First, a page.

The Guardian leader this morning has helpfully nailed the Tory £20 a week marriage allowance idea:
Pupils called Arabella get better exam results than the average. That does not mean that being called Arabella makes a girl smarter, only that the name is more common among families that offer a favourable start in life. Marriage, too, is often a marker of a happy situation, rather than its underlying cause. Yet the Conservatives, at least on the evidence of their social justice group's report yesterday, fail to appreciate this. It proposed tax breaks for married people, and highlighted statistics showing that parents who choose to wed stick together. The combined effect was to hint, misleadingly, that if people were financially enticed to walk down the aisle then there would be fewer unhappy families.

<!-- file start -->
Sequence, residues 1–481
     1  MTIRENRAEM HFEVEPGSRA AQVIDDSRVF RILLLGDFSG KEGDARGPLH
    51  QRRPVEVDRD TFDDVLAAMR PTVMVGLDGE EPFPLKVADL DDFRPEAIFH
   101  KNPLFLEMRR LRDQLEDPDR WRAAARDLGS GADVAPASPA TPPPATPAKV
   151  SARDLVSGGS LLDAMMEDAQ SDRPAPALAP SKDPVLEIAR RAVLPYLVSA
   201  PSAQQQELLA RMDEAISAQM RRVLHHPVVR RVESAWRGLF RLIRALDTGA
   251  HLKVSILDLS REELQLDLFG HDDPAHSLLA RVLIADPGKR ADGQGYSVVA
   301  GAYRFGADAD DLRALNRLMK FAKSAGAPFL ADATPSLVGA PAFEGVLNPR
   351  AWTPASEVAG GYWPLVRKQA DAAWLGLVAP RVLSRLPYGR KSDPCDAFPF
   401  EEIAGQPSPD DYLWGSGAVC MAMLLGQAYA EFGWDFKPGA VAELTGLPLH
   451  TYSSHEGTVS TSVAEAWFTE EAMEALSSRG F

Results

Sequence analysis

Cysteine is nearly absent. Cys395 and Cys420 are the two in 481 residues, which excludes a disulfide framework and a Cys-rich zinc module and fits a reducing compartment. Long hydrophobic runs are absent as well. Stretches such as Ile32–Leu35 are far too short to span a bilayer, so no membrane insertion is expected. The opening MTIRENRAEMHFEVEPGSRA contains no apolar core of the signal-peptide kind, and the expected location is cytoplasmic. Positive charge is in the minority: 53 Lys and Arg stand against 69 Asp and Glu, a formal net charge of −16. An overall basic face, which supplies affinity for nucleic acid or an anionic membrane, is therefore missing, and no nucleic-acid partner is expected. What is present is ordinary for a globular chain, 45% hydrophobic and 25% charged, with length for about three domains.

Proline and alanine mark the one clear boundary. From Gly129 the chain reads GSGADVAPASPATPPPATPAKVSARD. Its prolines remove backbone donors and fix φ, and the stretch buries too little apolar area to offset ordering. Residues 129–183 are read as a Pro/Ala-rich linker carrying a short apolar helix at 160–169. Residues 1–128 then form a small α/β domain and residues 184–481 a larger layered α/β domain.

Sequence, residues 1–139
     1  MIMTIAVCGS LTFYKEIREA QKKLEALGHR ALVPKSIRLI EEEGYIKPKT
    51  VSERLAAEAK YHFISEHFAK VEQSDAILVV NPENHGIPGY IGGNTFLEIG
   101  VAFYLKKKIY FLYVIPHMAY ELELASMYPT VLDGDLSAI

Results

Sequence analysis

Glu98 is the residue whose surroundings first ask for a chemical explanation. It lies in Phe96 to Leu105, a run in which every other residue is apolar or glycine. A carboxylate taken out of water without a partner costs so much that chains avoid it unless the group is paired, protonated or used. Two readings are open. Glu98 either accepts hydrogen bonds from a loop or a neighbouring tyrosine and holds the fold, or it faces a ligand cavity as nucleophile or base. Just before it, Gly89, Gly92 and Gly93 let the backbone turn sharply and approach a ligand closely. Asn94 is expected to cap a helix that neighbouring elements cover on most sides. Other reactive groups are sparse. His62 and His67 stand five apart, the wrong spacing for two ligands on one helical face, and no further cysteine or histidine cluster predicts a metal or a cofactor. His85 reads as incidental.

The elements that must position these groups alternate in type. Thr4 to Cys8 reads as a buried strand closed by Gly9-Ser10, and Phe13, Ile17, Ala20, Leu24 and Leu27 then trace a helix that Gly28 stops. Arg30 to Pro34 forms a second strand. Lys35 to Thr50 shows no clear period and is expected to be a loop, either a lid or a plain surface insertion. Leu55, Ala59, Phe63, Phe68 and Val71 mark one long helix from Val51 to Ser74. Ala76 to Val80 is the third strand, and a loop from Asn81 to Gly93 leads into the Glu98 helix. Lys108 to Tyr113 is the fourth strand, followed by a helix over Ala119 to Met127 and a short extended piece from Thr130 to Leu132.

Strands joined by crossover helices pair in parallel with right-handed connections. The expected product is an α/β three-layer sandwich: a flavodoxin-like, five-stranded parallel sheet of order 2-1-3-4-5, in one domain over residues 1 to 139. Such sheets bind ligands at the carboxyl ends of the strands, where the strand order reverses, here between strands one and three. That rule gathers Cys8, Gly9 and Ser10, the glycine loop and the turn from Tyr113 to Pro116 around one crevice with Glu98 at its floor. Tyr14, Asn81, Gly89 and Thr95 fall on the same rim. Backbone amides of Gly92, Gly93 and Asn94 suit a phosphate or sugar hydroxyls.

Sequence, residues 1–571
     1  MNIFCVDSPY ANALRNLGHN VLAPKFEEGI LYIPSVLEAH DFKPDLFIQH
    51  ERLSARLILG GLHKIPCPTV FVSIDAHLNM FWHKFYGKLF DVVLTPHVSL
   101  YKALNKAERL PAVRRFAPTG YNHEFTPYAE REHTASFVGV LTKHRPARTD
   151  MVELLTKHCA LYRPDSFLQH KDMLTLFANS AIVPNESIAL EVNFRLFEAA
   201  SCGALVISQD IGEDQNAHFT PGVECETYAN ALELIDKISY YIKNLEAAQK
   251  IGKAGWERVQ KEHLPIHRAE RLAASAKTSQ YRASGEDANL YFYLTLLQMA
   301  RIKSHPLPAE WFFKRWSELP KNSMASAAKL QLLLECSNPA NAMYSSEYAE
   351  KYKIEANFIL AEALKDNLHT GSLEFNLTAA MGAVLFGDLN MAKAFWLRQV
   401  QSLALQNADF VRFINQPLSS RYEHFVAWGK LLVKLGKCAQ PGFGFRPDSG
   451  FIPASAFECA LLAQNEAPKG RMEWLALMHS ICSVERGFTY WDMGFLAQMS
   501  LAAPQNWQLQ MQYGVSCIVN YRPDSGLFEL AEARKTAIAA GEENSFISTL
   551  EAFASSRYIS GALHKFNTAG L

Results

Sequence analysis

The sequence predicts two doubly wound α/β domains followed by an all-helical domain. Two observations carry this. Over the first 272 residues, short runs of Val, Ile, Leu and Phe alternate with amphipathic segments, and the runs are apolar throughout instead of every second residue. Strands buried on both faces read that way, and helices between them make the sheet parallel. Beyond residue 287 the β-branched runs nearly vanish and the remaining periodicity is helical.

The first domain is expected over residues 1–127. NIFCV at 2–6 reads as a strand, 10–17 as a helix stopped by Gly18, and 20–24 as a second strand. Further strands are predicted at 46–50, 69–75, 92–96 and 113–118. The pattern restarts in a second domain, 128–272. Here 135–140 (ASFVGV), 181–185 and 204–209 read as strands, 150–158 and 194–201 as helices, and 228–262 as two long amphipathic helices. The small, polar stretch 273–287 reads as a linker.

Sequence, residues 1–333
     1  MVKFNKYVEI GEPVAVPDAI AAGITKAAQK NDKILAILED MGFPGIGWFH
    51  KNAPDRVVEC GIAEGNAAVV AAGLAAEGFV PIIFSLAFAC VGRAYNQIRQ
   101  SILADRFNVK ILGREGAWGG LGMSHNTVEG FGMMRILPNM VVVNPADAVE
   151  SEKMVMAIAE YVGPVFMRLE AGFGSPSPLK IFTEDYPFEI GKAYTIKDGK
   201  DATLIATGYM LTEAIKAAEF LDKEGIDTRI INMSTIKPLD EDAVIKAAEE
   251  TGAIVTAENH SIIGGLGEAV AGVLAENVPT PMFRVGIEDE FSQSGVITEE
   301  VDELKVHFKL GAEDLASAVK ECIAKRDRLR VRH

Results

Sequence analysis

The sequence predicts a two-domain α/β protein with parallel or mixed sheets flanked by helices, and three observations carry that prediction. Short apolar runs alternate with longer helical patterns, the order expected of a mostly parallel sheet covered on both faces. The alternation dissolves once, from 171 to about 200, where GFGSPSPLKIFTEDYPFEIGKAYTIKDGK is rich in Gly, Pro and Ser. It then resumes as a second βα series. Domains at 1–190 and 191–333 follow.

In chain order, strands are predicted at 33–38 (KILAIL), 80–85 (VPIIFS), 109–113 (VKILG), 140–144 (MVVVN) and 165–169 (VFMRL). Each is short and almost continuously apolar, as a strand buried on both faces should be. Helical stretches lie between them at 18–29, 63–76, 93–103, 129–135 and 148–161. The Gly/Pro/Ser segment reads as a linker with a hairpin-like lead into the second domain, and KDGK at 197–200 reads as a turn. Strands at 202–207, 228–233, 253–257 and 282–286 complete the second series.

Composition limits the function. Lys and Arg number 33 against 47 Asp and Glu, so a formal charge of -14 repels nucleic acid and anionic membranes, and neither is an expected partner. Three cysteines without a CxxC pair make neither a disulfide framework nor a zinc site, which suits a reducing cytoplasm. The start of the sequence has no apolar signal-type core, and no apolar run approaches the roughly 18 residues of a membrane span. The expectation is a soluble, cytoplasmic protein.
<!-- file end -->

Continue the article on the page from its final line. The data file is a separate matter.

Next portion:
...Marriage is one choice that people make that would be made financially more attractive. They could get tax breaks worth up to £6bn. That is big money, and - even given reasonable concerns about how some couples fare with the current tax credits - it is not the right priority, for children raised by lone parents still face twice the risk of poverty. One effect of the plan would be to reward another choice made by some married people, namely to stay at home - spouses, with or without children, who wanted to do this would be free to pass their tax allowance to the breadwinner. Lone parents, by contrast, would have less choice than now in deciding whether to seek work - even those with children as young as five would see their benefits cut if they did not. Sick and disabled people, similarly, would not, as now, be encouraged to work, but instead find themselves obliged to.
The article calls the Tory report "a retreat to the past" and says that the proposals would not be self-funding:
Embracing big tax cuts for married couples would introduce a political dividing line that risks making the Tories look nostalgic for a past that will not return. It could also land his potential government with a bill that it does not know how it would pay.